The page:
I’m starting at Wigfair Hall in Wales, but I am going to wander off to somewhere else by the end of the blog, just to warn you. But first, Wigfair. The Reverend Howard built this large country house on the River Elwy in 1884. Part of the house is a tower, which was originally a water tower used to create electricity – this re-use of water towers continues today and many such towers are turned into homes (although fitting them with furniture must be a challenge since they are usually round). The house was built with red brick in the Jacobean style and was designed by Chester architect John Douglas.
John Douglas (1830-1911) designed over 500 buildings across North Wales, Chester and the North West of England including churches, houses, shops, schools and memorials. He was influenced by many styles including the Gothic Revival, like Pugin’s Houses of Parliament, and half-timbering, which can be seen in the black and white revival of the Chester Rows. He also liked to incorporate tall chimney stacks, pargeting and detailed wood carving.
Douglas was a Christian and built at least 40 churches and designed fittings and furnishings for the interior of churches. His main patron though was Hugh Grosvenor, Duke of Westminster, whose secretary pointed out that Douglas was a good architect but a poor accountant, often presenting his accounts late, leading to delays of up to ten years.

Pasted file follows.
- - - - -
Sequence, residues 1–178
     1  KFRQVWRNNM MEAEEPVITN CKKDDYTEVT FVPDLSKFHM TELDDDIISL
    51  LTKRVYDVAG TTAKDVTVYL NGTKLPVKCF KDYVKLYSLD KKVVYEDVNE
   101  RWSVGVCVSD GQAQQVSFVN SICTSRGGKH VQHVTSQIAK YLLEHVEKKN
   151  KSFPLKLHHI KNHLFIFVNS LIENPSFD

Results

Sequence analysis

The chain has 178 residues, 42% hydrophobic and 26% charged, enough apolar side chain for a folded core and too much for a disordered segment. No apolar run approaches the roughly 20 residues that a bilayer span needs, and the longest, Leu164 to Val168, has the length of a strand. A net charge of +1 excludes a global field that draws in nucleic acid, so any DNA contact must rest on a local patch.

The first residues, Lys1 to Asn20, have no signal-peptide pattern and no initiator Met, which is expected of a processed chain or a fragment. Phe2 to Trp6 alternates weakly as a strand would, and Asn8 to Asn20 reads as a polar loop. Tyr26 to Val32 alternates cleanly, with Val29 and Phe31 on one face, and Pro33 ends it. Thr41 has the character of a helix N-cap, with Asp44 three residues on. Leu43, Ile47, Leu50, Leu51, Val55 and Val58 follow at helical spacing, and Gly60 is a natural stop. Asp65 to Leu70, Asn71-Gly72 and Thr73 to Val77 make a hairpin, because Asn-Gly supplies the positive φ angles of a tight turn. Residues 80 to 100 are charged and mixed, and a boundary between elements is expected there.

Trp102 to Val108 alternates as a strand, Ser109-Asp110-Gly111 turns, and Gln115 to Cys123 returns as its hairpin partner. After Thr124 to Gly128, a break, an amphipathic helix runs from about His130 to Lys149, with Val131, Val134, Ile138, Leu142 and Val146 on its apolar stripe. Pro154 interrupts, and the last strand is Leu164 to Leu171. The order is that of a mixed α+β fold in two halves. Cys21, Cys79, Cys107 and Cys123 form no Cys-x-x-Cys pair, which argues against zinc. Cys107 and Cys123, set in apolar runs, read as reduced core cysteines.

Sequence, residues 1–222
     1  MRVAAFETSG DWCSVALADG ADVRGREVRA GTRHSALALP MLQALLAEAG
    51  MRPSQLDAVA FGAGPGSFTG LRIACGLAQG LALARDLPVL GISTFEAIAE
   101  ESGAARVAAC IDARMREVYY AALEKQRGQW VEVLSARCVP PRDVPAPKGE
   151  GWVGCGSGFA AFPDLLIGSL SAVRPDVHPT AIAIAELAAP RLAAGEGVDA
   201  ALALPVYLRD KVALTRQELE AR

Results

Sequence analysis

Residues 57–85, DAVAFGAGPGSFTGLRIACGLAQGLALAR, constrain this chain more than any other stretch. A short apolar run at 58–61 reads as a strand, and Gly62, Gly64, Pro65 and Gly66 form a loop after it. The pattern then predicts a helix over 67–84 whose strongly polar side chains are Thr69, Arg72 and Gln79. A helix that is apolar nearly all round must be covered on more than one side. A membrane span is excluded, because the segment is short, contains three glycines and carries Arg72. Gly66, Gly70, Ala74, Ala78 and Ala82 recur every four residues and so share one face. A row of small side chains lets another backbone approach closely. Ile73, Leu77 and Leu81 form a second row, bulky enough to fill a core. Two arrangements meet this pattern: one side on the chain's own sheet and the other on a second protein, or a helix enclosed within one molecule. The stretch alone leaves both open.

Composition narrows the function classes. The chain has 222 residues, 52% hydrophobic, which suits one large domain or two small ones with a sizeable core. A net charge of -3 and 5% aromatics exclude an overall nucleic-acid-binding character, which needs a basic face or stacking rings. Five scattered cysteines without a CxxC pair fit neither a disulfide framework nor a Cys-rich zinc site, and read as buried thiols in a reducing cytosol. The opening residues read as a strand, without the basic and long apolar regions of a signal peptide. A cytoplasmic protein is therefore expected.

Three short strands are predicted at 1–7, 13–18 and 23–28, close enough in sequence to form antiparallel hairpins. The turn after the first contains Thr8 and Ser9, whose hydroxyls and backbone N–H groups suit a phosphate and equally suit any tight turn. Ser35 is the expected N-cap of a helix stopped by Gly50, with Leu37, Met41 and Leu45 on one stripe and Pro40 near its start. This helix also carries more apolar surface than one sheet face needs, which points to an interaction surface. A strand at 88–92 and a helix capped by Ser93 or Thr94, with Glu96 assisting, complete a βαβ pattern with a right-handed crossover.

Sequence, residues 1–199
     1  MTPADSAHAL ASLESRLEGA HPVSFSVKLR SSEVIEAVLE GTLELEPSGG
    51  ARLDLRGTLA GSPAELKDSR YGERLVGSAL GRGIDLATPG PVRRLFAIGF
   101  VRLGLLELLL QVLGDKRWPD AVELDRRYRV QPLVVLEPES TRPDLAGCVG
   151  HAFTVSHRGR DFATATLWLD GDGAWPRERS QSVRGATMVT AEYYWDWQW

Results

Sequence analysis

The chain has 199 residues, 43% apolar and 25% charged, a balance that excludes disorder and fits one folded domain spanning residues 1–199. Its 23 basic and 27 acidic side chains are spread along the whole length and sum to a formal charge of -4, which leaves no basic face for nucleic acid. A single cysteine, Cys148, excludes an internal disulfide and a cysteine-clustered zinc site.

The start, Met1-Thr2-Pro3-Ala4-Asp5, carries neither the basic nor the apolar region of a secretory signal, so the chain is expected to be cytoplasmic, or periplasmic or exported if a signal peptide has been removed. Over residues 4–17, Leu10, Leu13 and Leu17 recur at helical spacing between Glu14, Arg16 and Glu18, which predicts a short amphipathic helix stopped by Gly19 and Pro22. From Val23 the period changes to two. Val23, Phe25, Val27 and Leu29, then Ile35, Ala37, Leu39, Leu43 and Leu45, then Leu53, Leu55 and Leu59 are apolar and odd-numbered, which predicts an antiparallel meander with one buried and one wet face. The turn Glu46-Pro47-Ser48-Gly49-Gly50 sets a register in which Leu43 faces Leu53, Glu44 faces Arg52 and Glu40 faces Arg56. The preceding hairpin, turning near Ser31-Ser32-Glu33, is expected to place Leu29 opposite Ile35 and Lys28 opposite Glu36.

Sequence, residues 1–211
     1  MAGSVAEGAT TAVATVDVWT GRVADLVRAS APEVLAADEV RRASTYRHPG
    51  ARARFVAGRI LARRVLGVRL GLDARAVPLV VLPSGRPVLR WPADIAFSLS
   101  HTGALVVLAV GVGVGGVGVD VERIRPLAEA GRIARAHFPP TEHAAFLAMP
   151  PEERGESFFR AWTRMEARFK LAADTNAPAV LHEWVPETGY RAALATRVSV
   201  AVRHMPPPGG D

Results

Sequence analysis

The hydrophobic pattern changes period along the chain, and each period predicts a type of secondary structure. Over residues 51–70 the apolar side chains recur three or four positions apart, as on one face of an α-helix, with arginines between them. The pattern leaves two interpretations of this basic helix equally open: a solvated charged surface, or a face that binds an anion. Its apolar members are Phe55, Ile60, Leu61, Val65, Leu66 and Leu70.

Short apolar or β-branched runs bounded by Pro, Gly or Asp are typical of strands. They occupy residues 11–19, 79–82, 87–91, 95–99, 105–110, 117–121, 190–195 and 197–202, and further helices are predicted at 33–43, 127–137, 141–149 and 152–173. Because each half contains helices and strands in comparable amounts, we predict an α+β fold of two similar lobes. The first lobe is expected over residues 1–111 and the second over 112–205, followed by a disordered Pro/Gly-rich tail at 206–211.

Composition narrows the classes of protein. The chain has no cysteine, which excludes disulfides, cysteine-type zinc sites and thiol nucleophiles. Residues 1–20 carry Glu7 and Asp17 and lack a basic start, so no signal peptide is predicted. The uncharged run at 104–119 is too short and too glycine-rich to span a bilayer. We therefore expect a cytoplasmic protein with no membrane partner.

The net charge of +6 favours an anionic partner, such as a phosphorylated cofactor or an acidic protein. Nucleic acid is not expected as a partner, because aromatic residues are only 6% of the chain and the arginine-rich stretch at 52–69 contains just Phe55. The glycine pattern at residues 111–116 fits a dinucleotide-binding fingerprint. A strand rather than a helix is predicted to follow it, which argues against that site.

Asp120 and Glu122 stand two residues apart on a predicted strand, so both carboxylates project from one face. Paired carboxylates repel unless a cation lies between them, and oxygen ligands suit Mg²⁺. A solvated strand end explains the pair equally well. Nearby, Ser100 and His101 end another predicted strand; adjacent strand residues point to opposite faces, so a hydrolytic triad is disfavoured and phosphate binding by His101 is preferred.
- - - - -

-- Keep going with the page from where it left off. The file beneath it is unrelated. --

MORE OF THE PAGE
Douglas was commissioned by the first and second dukes to design churches, chapels, parsonages, houses, schools, smithies, factories, cottages and farms on the duke’s Eaton estates in Cheshire. The Grosvenor family were and still are one of the wealthiest in the country. The family business, the Grosvenor group, has been in existence since 1677. In London, they own Mayfair, Belgravia, Grosvenor Square, Eaton Square and Chester Square including the many fine Georgian terrace houses with white stucco. These are the homes of the fashionably rich and famous and one of the most expensive places to live in the world.
(While I lived in central London, many years ago, I went on an open top bus tour of London and as we drove through Belgravia, the tour guide pointed out the colour of the rendering – it’s pretty monochrome and off-white, almost cream. The tenants are not allowed to paint the outside of the houses any other colour other than the one specified by their landlord, the Duke of Westminster. Who makes the paint and this special colour? Just one supplier – the Duke.)
Back to our esteemed architect. Douglas also had good connections with businesses and politicians, including industrialists, Johnson, the soap manufacturer who commissioned Oakmere House (with another tower), Port Sunlight’s workers’ village for Lord Lever and Douglas made additions to Jodrell Hall. This was one helluva busy man and he even had time to build himself a house on the banks of the River Dee in Chester – Walmoor Hill. I said we would go on a wander. Built in the 1890s in red sandstone, it became a girl’s school, then the headquarters of the Cheshire fire brigade until 1997. Popularly known as Douglas’s Castle or Folly, he lived there until his death in 1911. And yes, it does seem to have a tower.
Sadly, Douglas published no writings, nor did he leave behind records of his thoughts and ideas. Fortunately, his buildings allow us to see inside his mind and many still stand and are listed for preservation.
So my journey began with one house, out in the countryside, and ended up with many, many more.
“Beautifully written mystery weaves a spell around the house and the people connected to it.” Goodreads reviewer
Pre-order for 99 pence – The Women of Heachley Hall – release date 4 May.